Tuesday, December 20, 2011

Day 28: Freedom, capitulation and prisons... A different day!

88:13.956S 81:30.713W

Yeah, a low distance day, just on my 'minimum acceptable'! Only 25 km done, but 'All OK' in today's capitulated paradigm.

Elevation: 2 678 metres, least climb ever. So why not better distance, you may ask? See below....

What a funny day....

As I said in yesterday's post, I knew I was caught in this 'can't ski easily, and can't walk easily' terrain position, and was needing to change my paradigm. The terrain largely remained the same so I was initially restless, constantly thinking of changing between walking and skiing, not a good place to be. After an initial -23C and moderate crosswind, it went warm and still, cloudless sky, and just a PERFECT day. A real day to be soaked up and enjoyed, and really appreciate the luxury of the pure mind space this ice nothingness can give. To enjoy the journey!

After seeing 3.1 km for the first hour, I sensed that new paradigm better be developed quickly, or else I was going to be one hellluva frustrated guy by the end of the day!

You may have noticed that I use the words "capitulation" and "prison" a lot? They are strong, motive words, and ones that lie on the other side of the line from Freedom. Freedom is something I value hugely, and find fascinating, and basically in 2004, when I left Sydney, the business world, and shed all my possessions, to start the 'Simply Adventure' life, it was largely about going to find myself and explore Freedom: how it works, what - if anything - defines the limits, and how I could find a life that had maximum freedom, but was also holistic and meaningful. I am pretty confident, and hopefully you don't see it as arrogant, in saying that over the 7 years, I pushed the limits, and went where few have gone, in terms of experiencing close to total freedom. Total freedom being the ability to act, speak, and think without restraint. I had perceived that 'we', all / most people have capitulated freedom, have accepted the constraints, restraints and perceived limitations in their life situation, and in doing so create a 'prison' where there no keys; the prison warders are non-negotiable, and so there is no way out, so one then capitulates to accept that IS life and one then makes the very best of it and the prison isn't even recognisable. In fact it becomes very cosy, a source of great social belonging, and meaningful purpose. 



One even goes as far as being deluded into thinking that one has 'total' Freedom. That's what I call the capitulated freedom. Prison is a harsh word, because most of us find our 'prison' a pretty OK 'place' to live. By not fighting the restraints / constraints, one is not restless and searching for more freedom, but rather fully involved in making the 'Now' of the prison work and deliver contentment. I think Patrick, in one of his comments on the blog, referred to the Buddhist approach which says something along the lines that life IS suffering, and the sooner we accept that the more content and less expectant and disappointed we will be... In my view, that's supporting what I say above: life is like being in a 'suffering prison' - just capitulate and accept it, and it won't feel like a prison, you'll be free!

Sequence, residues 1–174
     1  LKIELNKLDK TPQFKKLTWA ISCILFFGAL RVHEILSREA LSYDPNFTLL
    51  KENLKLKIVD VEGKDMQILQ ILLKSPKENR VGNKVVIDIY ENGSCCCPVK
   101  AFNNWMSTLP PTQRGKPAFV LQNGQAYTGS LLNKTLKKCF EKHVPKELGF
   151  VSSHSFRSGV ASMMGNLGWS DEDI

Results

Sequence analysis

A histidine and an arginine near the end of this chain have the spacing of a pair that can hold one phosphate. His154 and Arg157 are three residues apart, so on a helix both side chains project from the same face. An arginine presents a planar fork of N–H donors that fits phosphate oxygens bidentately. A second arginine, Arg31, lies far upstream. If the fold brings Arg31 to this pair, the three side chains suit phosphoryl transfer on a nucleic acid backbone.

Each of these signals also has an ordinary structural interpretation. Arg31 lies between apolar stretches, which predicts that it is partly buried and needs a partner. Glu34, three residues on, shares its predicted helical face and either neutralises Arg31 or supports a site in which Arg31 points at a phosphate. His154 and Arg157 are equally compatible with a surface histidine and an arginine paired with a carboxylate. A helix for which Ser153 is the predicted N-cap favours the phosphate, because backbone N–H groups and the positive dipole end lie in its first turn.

So, back to here on the ice in Antarctica... Am I in ultimate freedom, or a minute, solitary confinement cell of the worst degree? Well here on the ice it is quite a small 'prison' for me, even in the nothingness of Antarctica. I'm pretty much restricted in what I can do, choices, etc. Yes I can behave speak and think almost without constraint, but essentially it's a tight prison; one of every day involving 11 hours. Hard labour too!

The freedom comes in me voluntarily deciding to step in to explore the Solo to South Pole prison and to experience its restraints! To do this, I need to go through a serious capitulation process, before I can thin k it enjoy my prison. I have to accept that that's what life is, there are no outs, no warder with a key, I'm in for 35+ days, and that's non negotiable. Once I accept that I become pseudo free, and am on the path to contentment in my new life. That's why I felt so unneedy at the halfway point, in my restrained world I had everything!

Yesterday, the very slow terrain made my prison get even smaller, and so today I needed a new paradigm of capitulation to deal with its tighter constraints, or go mad! Some may think that this posting confirms: "I went mad!" On this blog, everyone has Freedom of opinion!

Well, the way I capitulated was to take away my 30 km/day goal, and to just accept whatever distance I do, but for me to get FULLY into the Now of being out here in this special place. And so that's what I did: appreciated the sastrugi, lots of photos, stopped often and took in with awe the 360 degree 'horizonless' space, and spent quality time articulating these freedom/prison capitulation thoughts.

In my book that is STILL 'work in progress', Freedom and these concepts are given very REAL practical support, as adventure by definition creates this extraordinary combination of freedom, and yet a necessary, daily micro prison.

In conclusion, I believe we all need 'prisons' because that's where significant things get done, relationships for me, and huge personal learning can take place. But how can one get Freedom as well? That, to me, is the holy grail of life, and I've tried to get the unlikely combination through the 'Simply Adventure' life philosophy which involves regular breakaways from true freedom into voluntary but highly constrained adventure 'prisons' like this 'stroll to the Pole'.

And finally, I guess I read many of your comments relating to my adventure 'inspiring' you to make some change, embark on your own South Pole.... Yes, that's making the decision not to be content with your 'prison' anymore, and to go explore a bigger and less constraining one, one that takes you closer to REAL freedom.... It needs courage, belief in yourself, and a vision / dream for more out of life... Not really a Buddhist approach, and I'm not saying it's right or wrong; your 'gut' will tell you what's right for YOU!

I can HONESTLY say each time I've made the sometimes hard and lonely decision to break out and seek a new, larger, less restraining prison, I've been rewarded with more freedom, but maybe more importantly, personal enlightenment and spiritual learning...

Many ask me if I ever regret walking away from life in Sydney to 'Simply Adventure', and my answer always remains: